Siracusa 16: 100% Acoustic, 100% Electric

The Siracusa 16 is the new addition to the Siracusa concept family, this one with a larger soundbox. Far from being a catch phrase, this guitar is 100% acoustic, 100% electric!

All guitar makers must ask themselves what is their role in the guitar making business. In my case, my clients want custom instruments, so that is the easiest answer: I try to materialize the guitars that my clients dream. However, I always felt the need to develop a guitar concept that was so full of common sense that players would accept it as it is. I won’t mention any example, we all know them. In contrast with this, the guitar market is full of guitars that show only cosmetic/crazy variations on these paragons… and are sometimes sold as new concepts. I never really worked consciously trying to make an archetypal guitar, but that was the background music in my brain, so to speak. I have been recollecting ideas from everywhere, many times from my clients, other times from fellow makers, others from myself. Then, in what I compare to some kind of critical mass process, they started to settle down three or four years ago with the Berlin-II and Siracusa designs. This time it is the turn of the Siracusa-16, a guitar that not only looks gorgeous: it breathes common sense.

Neck: Laminated construction, with graphite reinforcements at key locations. It has fifteen frets out of the soundbox, the scale length is 25.5″ the nut width is 43 mm and the string spread at the nut is 35 mm. Just like the 15-inch Siracusa, its Gotoh Stealth machines are embedded inside the peghead. The frets are made of stainless steel, and the fretboard is curly/mottled ebony. The faceplate is marbled ebony.

Both the machines and the truss rod nut have ebony covers that look great. However, as any woodworker knows, wood as thin as this will break, even more when it has screws so close to its edges. To avoid it, I bonded the ebony on a fiberglass laminate that supplies the necessary toughness. Beautiful and functional: just as it must be.

Body: The soundbox has a width of 16 inches at the lower bout. It is shorter than my other 16-inch designs, so it has its own identity. The top and back are hand carved and their graduations are extremely light, making this a very responsive guitar. The X-braces are also very light:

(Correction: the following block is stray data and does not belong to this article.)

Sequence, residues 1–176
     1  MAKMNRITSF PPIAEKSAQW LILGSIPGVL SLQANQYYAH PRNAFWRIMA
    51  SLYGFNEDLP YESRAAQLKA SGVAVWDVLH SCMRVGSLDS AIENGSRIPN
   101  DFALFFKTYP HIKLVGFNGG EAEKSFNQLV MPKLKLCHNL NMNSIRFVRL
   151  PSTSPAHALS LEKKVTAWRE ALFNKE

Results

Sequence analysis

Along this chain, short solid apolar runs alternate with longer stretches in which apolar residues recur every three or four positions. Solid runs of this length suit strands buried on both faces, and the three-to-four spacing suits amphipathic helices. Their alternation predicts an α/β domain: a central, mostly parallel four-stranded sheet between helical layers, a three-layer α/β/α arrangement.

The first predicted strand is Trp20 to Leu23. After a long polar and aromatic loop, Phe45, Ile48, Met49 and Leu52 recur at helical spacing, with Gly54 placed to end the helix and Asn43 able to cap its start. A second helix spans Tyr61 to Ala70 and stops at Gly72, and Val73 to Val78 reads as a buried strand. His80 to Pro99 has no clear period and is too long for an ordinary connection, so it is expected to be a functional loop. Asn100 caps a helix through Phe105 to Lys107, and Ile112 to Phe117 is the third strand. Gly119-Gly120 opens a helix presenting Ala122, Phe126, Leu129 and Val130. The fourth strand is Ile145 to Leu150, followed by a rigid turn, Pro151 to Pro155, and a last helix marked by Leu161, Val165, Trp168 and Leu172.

There are graphite reinforcements at the neck block also.

The back and sides are Zebrano:

This wood has a strong character, but you won’t find it in archtops mainly due to its interlocking grain, which makes it very difficult to carve. But I like it a lot — so much that I used it also for the bindings:

The top is hand carved in Spruce:

Fittings: The pickguard is a structure with a carbon fiber skeleton, 2 mm thick, embedded into a hollowed out ebony piece, which is the external part, the only one visible. The pickups are joined to the pickguard, which integrates the pots, the pickup selector and a switch:

I have been making pickups since many years now, and I feel very proud of those that you see here, both for the elegant construction method (made from solid pieces of ebony that are hollowed out to install the bobbin-less delicate coils) and for the tone. They have two rows of polepieces, just in case you want to try bronze strings (wound strings deliver a much lower level than plain strings, so the polepieces must be adjusted to keep the balance. Usually, a single row of polepieces is not enough to correct the problem) The result? Don’t expect the usual tinny tone of floating pickups, these are different.

The pickups enclose the volume and tone controls in such a way that they can be used while playing, opening new possibilities for some players. The potentiometers can be replaced if needed.

The pickguard has also a rotary pickup switch, and an additional switch that changes both pickups to single coil. With this set to single coil and in the middle position of the pickup switch, the resulting pickup is a humbucker.

I used SMD capacitors, with C0G dielectric. I don’t believe strange things about capacitors, but I prefer to use dielectrics that are stable and don’t have any piezoelectric characteristics (most ceramics do).

The pickup switch is very small, but it is a quality component. I made a small printed circuit for it, so that the connections are clean and reliable.

As the pickguard integrates all the controls and the pickups, it is quite heavy, around 280 grams. Consequently it needs very firm supports, so the attachment of the pickguard is made at two points, both recessed, as seen here:

The output jack is located at the side, the usual location for most electric guitars. I didn’t want to put it below the pickguard, because most players don’t like it that way. Using a strapjack through the tail block was another option, but I find that conventional jacks are mechanically safer and longer lasting.

Regarding the tailpiece, it has a similar design to the one that I made for the 15-inch Siracusa, which places the grounding pieces totally inside the body of the tailpiece. However, it is a little shorter to compensate for the reduced soundbox length of this model (the Siracusa 16 is wider, but shorter than the Siracusa-15). 

The bridge is taken directly from the Siracusa-15. The foot is hollow, very light. The saddle is made of ebony externally, but that is just the “skin”. It has a graphite core inside. The adjustment mechanism is smaller and lighter than the conventional thumbwheels.

If you have read the description you’ll know by now that there is no other guitar in the market like this. However, you must play one to understand how much common sense and care for both the tone and the player there is in the Siracusa series. I have made a priority to distribute these guitars as widely as I can. If you want to try one, please inquire.